HH Mohamed Alis Hamida 1929 grey mare (Nasr x Mahroussa)
imported to the U.S. in 1932 by W.R. Brown.
Ferriss archive.



Another loss to American breeders of straight Egyptian bloodlines was the two Prince Mohammed Ali Bred mares HH Mohamed Alis Hamida (Nasr x Mahroussa) and HH Mohamed Alis Hamama [see Arabianessence September 2009 Newsletter]. Both were among the much-admired imports of 1932 by W.R. Brown that included Nasr, Zarife, Aziza, Roda (all who are found in straight Egyptian pedigrees still) and Hamida and Hamama (which are not). In HH Mohamed Alis Hamida one has the blood of Nasr and Mahroussa which are preserved though she is lost, in HH Mohamed Alis Hamama her sire is Kawkab (Saklawi II x Om Dalal) an excellent stallion of Prince Mohamed Ali which is only found in descendants of the Inshass mare Ragaa. I saw old home movies of HH Mohamed Alis Hamida and she was absolutely magnificent, perhaps the best mare of the importation and I provide one photo of her here. She did produce a few straight Egyptian foals in America but most were exported to South America and England where at that time there were no straight Egyptian horses for them. However HH Mohammed Alis Hamama is found in the pedigree of the magnificent Paris World Champion Carmargue and is now also in many other international champions, but sadly lost to straight Egyptian breeding.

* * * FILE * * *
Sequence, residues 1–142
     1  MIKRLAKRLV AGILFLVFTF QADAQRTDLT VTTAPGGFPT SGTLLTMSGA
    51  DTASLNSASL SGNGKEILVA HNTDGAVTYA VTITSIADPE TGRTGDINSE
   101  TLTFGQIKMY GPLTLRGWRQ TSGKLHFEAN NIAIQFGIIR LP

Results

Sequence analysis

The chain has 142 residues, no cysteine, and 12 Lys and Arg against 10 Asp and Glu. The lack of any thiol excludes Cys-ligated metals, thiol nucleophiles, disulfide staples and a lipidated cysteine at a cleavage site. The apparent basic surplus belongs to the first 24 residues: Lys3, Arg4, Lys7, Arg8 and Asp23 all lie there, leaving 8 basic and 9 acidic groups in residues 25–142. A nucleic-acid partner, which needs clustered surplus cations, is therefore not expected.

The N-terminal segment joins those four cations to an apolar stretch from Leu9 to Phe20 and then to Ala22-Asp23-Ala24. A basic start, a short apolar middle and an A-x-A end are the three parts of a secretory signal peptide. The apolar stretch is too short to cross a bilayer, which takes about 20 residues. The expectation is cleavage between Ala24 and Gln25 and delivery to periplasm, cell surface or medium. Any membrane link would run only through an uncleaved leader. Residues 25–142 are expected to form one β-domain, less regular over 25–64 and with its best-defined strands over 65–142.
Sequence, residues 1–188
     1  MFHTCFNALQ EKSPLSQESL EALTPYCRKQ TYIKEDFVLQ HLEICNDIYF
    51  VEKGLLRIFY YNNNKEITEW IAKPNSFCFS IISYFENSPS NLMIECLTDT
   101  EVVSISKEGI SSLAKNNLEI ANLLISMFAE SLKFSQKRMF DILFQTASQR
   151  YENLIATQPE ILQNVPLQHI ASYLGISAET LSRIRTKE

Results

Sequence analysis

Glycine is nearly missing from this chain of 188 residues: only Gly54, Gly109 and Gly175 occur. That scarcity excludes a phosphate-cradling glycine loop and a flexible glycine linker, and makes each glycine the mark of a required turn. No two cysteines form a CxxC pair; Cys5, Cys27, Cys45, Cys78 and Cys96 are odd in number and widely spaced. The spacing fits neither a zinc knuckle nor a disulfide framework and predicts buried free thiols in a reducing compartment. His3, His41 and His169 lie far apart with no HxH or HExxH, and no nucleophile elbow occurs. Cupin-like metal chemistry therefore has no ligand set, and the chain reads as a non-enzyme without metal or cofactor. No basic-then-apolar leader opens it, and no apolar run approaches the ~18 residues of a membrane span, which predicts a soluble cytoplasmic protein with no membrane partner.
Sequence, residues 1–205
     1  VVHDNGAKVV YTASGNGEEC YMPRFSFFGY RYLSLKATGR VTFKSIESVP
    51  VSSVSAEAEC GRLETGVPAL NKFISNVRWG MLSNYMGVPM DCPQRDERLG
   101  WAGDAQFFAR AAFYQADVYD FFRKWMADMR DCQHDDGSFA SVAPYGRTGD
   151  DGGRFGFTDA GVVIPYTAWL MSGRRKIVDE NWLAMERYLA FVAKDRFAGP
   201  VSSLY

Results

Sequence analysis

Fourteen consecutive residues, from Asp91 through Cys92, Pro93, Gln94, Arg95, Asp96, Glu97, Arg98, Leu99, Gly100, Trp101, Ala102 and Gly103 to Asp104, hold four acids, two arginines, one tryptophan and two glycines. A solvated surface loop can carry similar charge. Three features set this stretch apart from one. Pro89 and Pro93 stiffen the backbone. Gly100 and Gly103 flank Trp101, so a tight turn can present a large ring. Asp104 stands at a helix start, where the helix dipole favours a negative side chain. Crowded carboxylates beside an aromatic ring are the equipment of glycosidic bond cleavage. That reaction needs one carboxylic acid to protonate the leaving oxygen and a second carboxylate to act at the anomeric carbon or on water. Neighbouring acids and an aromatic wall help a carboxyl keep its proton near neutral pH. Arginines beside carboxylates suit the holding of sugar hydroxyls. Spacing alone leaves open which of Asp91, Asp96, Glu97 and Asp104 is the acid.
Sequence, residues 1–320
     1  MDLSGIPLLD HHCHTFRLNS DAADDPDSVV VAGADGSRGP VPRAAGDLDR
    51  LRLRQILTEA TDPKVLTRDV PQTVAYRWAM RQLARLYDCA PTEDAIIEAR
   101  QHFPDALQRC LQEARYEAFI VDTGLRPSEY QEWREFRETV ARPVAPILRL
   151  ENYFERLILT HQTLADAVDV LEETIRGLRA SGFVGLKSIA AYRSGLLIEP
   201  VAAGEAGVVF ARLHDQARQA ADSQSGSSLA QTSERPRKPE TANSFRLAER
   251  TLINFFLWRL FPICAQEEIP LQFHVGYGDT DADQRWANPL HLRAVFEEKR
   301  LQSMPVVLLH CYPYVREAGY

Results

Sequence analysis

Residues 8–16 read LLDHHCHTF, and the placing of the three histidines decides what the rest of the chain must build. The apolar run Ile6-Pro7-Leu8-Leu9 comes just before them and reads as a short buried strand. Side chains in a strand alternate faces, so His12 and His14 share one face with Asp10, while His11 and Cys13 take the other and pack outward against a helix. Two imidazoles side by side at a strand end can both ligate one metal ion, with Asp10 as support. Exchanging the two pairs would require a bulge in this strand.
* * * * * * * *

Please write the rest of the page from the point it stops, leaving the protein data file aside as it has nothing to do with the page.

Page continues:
HH Mohamed Alis Hamama 1927 grey mare (Kawkab x Mahroussa)
imported to the U.S. in 1932 by W.R. Brown.
Ferriss archive.



When the Inshass Royal stud was dispersed and some of its horses went the EAO it was a treasure that we now realize. Because of the Inshass program the strains of Abayyan Om Jurays and Kuhaylan Krush were restored to the gene pool the new EAO had to work with. Among the very nice mares of the Kuhaylan Krush group was the lovely flea bitten grey mare Shaheera. She was sired by the Anter son Ghazi who was out of a mare tracing to the same female line as HH Mohammed Alis Hamama. Shaheera's dam is Shahd who was preserved in the Bint Shahbaa line exported to the U.S. and Germany and retained in the stallion Sabeel in Egypt. From the photo one can see that Shaheera was a wonderful mare and although she produced 5 foals in Egypt, they are all sired by the desert bred stallion Sharkasi, and her blood is no longer found in Egypt, though one daughter was exported to Russia.